Rep. Davis takes aim at privacy officer requirement

Rep. Tom Davis took the first step toward making good on his promise to repeal the provision requiring every agency to name a chief privacy officer.

The Virginia Republican earlier this week introduced a one-sentence bill that would remove Section 522 of the Transportation, Treasury and General Government Appropriations Act of 2005.

Congress referred the bill, HR 1271, to the House Government Reform Committee, which Davis chairs, meaning the legislation will make it through committee quickly and onto the House floor for a vote.

“I strenuously oppose Section 522 of the [act] requiring that each federal agency have a privacy officer to carry out duties relating to the privacy and protection of personally identifiable information,” Davis said last year during the debate on the appropriations bill. “These federal information security functions are an intrinsic part of existing federal information policy. They are the responsibility of the agency CIO. Therefore, privacy officers are unnecessary.”

Davis was so bothered by the requirement that he introduced two bills in late December even before President Bush signed the appropriations legislation into law. One bill would repeal the provision; another would water it down so the privacy officer would assist the CIO [See GCN story].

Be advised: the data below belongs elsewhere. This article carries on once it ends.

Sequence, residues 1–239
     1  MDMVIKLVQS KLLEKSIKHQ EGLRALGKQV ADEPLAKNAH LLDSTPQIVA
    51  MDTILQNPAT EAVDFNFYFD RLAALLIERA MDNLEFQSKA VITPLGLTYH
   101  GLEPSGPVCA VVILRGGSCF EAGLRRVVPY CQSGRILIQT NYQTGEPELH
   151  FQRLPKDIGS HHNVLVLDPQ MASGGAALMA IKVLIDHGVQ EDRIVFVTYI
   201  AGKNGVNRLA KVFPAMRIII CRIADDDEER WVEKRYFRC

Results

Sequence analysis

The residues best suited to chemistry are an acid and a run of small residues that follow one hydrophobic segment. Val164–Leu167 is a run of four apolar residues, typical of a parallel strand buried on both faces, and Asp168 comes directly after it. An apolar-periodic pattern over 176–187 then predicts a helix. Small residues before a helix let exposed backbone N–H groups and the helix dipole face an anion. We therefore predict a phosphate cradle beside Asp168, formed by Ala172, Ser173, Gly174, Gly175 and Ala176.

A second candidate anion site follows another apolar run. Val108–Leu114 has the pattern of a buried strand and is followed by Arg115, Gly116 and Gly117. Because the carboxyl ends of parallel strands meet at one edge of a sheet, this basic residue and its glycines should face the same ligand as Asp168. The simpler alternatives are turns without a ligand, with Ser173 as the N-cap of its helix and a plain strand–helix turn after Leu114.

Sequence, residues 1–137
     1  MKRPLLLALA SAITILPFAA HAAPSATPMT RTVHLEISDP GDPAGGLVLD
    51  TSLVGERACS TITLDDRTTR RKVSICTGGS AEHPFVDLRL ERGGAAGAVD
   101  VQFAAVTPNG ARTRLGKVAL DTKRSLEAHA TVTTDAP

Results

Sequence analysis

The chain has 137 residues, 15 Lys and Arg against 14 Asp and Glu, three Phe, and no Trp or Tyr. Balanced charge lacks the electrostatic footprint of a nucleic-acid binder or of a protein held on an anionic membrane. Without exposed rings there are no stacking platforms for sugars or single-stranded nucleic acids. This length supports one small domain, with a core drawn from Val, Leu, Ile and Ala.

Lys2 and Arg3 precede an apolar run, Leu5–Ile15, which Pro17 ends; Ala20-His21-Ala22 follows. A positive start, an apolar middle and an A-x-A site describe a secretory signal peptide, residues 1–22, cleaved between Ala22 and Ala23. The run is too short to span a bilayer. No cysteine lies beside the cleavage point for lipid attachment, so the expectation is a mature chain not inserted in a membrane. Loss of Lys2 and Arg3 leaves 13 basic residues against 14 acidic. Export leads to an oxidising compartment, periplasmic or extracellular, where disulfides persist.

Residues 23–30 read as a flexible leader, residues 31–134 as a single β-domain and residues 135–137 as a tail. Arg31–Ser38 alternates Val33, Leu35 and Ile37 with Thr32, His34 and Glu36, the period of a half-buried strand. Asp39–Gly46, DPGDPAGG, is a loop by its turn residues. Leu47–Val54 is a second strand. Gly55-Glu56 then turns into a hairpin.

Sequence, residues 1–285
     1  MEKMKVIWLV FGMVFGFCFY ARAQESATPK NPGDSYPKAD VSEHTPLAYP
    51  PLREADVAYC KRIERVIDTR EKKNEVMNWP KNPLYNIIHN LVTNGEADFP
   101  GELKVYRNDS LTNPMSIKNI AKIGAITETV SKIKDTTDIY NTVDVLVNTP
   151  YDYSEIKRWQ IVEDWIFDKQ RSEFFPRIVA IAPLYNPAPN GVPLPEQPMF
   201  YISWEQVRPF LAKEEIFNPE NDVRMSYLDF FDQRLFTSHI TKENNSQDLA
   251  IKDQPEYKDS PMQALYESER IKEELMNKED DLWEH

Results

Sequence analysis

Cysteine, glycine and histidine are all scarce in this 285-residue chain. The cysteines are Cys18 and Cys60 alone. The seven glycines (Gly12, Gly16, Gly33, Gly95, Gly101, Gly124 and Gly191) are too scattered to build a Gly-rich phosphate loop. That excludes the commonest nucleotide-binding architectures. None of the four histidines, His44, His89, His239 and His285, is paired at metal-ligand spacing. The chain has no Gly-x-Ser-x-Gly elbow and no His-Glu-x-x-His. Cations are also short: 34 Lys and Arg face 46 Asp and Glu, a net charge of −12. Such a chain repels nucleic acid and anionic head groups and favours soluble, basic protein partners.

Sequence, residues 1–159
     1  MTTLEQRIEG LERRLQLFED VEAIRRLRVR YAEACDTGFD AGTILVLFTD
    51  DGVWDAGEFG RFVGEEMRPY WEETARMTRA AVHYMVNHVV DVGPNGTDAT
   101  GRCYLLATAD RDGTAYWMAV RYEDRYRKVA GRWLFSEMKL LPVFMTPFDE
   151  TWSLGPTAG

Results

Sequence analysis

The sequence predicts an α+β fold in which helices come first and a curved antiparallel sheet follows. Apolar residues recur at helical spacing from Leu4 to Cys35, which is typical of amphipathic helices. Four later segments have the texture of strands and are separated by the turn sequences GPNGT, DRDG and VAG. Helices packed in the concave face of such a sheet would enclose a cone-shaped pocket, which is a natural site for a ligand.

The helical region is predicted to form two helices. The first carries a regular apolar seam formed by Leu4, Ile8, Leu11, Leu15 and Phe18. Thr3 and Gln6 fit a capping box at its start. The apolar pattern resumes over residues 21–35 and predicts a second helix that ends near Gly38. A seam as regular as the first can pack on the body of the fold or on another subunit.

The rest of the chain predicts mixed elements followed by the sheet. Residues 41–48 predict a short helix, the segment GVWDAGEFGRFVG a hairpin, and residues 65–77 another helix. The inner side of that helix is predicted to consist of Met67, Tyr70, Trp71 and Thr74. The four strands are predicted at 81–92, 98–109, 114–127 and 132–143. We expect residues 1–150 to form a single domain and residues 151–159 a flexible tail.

The Office of Management and Budget is determining whether the provision applies governmentwide or just to the specific agencies in the Transportation and Treasury act.

In other legislative news, the committee also recently passed the Program Assessment and Results Act, sponsored by Rep. Todd Platts (R-Pa.).

The bill, HR 185, would require OMB to assess the performance of every federal program at least once every five years. The PAR Act mirrors what OMB is doing with its Program Assessment Ratings Tool (PART).

A similar bill passed the committee last year but was not considered by the House.

“Program assessments under this legislation are intended to be evidence-based, open to public scrutiny and, because of statutory underpinnings, subject to congressional review,” Platts said. “This legislation does not seek to codify the use of the PART. This type of evidence-based program assessment reflects a decade-long governmentwide effort to move agencies to reporting results.”

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